"The use of history is to tell us ... past themes, else we should have to repeat, each in his own experience, the successes and the failures of our forebears."
Winston Churchill stated:
"The farther back you can look, the farther forward you are likely to see."
Pulitzer Prize winning historian Arthur M. Schlesinger, Jr., wrote in an op-ed titled "Folly's Antidote" (The New York Times, January 1, 2007):
"History is to the nation as memory is to the individual.
As persons deprived of memory become disoriented and lost, not knowing where they have been and where they are going, so a nation denied a conception of the past will be disabled in dealing with its present and its future.
'The longer you look back,' said Winston Churchill, 'the farther you can look forward' ... I believe a consciousness of history is a moral necessity for a nation."
John F. Kennedy wrote in the Introduction of the American Heritage New Illustrated History of the United States (1960):
"History, after all, is the memory of a nation.
Just as memory enables the individual to learn, to choose goals and stick to them, to avoid making the same mistake twice -- in short, to grow -- so history is the means by which a nation establishes its sense of identity and purpose."
Edmund Burke wrote in Reflections on the Revolution in France, 1790:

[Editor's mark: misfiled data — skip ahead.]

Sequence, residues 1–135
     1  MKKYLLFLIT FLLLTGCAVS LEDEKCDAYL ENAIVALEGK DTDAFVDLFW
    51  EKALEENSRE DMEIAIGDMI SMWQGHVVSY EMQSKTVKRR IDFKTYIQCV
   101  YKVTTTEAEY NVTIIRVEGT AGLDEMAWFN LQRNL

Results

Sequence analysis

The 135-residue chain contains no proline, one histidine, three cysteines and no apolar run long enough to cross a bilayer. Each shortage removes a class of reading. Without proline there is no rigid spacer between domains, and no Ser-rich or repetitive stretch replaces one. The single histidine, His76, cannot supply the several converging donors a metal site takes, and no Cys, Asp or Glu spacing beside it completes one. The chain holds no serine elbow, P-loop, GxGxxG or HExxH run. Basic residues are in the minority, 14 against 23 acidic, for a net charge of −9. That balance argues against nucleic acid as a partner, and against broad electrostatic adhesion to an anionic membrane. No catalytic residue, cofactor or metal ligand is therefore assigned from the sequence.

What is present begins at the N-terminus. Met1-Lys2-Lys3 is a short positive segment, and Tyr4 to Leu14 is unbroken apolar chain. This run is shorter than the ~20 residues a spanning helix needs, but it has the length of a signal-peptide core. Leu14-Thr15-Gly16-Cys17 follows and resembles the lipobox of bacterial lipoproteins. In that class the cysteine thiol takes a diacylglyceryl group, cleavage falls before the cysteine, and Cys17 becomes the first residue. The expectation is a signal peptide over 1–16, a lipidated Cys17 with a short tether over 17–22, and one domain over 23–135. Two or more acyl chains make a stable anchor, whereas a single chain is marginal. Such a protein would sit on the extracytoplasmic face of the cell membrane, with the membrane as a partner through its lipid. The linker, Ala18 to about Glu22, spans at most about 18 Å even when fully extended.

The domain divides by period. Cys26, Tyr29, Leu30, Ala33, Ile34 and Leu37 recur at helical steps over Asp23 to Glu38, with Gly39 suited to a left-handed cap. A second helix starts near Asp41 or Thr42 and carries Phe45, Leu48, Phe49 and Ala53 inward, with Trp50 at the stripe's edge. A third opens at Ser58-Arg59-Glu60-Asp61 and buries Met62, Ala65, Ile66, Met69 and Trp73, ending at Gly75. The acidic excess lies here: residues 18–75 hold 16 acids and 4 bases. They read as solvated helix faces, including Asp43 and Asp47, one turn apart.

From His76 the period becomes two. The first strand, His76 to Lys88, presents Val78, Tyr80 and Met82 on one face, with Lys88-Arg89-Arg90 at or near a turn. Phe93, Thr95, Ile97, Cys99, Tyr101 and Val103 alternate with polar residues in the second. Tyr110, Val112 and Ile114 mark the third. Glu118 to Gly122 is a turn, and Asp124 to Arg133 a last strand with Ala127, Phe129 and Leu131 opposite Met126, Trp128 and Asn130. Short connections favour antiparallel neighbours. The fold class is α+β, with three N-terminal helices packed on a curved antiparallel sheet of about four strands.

"People will not look forward to posterity who never look backward to their ancestors."
Lord Acton wrote in 1877:
"The story of the future is written in the past."
Patrick Henry stated March 23, 1775:
"I know of no way of judging the future but by the past."
Aristotle, in his book Rhetoric (4th century BC), called this "deliberative rhetoric," using examples from the past to predict future outcomes:
"The political orator is concerned with the future: it is about things to be done hereafter that he advises, for or against."
Adolph Hitler stated:
"The man who has no sense of history, is like a man who has no ears or eyes."
Will & Ariel Durant wrote in The Lessons of History, 1968:
"Civilization is not inherited; it has to be learned and earned by each generation anew;
if the transmission should be interrupted ... civilization would die, and we should be savages again."
President Ronald Reagan addressed the National Prayer Breakfast, February 3, 1983:
"Freedom is never more than one generation away from extinction. We didn't pass it to our children in the bloodstream.
It must be fought for, protected, and handed on for them to do the same, or one day we will spend our sunset years telling our children and our children's children what it was once like in the United States where men were free."
In the spirit of his grandfather, Great Awakening preacher Jonathan Edwards, Yale President Timothy Dwight concluded his remarks, July 4, 1798:
"Where religion prevails, Illumination cannot make disciples, a French directory cannot govern, a nation cannot be made slaves ...
To destroy us therefore, in this dreadful sense, our enemies must first destroy our Sabbath and seduce us from the house of God ...
Without religion we may possibly retain the freedom of savages, bears, and wolves, but not the freedom of New England.
If our religion were gone, our state of society would perish with it and nothing would be left which would be worth defending."